By Sarah Bell

How did DreamWorks make the hit film War Horse without harming any horses? Computer generated imagery (CGI) was mixed with real footage so that the most dangerous parts of the movie were animated. But according to horse-lover and computer scientist Karl Abson, some of the animation sequences in War Horse are a bit rubbish.

“Animation is very good at skin texture and materials” says Karl, “but when it comes to animal motion, we are still in the dark ages”. Karl and colleagues at the University of Bradford are changing that with their work to improve motion capture of animals for the film industry.

Motion capture works by reflecting infra-red light off reflective dots stuck on a moving object, and recording it in cameras from different angles. If three or more cameras capture light reflected from a particular dot, its location and movement can be recorded in detail. Turning the movement of dots in space to realistic motion requires a good understanding of biomechanics – how skeletons and muscles work together to create movement. The software for humans is pretty good but for animals the technology is lagging behind.

“We are a team of software engineers and animal biomechanics specialists” says Karl. They are improving motion capture software using knowledge of how animals move in the real world. Cinema-goers might be distracted from a film's story by unrealistic animation, and no filmmaker wants that. But really high quality animation takes time and costs film makers a lot of money. Using motion capture in the early stages of animation can be more cost effective and realistic.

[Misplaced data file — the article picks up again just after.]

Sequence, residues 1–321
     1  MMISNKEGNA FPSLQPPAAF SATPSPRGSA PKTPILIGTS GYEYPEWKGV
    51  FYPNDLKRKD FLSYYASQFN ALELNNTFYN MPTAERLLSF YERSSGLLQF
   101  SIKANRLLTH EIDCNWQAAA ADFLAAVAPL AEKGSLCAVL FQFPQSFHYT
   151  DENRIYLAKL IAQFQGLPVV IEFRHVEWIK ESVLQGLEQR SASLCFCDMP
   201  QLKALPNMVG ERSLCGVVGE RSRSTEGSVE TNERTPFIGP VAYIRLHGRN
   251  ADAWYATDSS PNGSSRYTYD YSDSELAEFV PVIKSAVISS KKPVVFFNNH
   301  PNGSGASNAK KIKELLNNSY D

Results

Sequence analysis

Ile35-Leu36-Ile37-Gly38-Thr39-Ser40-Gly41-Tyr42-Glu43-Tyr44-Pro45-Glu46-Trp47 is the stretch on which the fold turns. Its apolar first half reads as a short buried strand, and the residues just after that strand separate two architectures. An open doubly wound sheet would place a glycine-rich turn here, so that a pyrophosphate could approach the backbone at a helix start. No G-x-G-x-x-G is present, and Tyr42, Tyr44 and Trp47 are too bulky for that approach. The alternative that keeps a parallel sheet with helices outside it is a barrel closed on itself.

As part of his research Karl produced a short motion capture animation of his own horse running. Karl told us “I showed it to an animator and asked him how long it would take him to make. He said it would take him about a month, and he was shocked when I said I did it in a day”. This kind of technology is very attractive to the film industry, in Hollywood and in the UK. More realistic animal animation, produced quickly, and at a lower cost could bring us more blockbusters with heroic animals.

“Horses are fragile creatures” says Karl. They just wouldn’t survive some of the CGI scenes in War Horse, which bothered him as a movie goer. His research is helping to create more realistic roles for his favourite animals, so that we can enjoy all enjoy great story telling on the big screen.

Dr Sarah Bell is a 2015 BSA Media Fellow. Her Fellowship was supported by the Royal Academy of Engineering and she was placed at Sarah is a Senior Lecturer in the Department of Civil, Environmental and Geomatic Engineering, director of the UCL Engineering Exchange.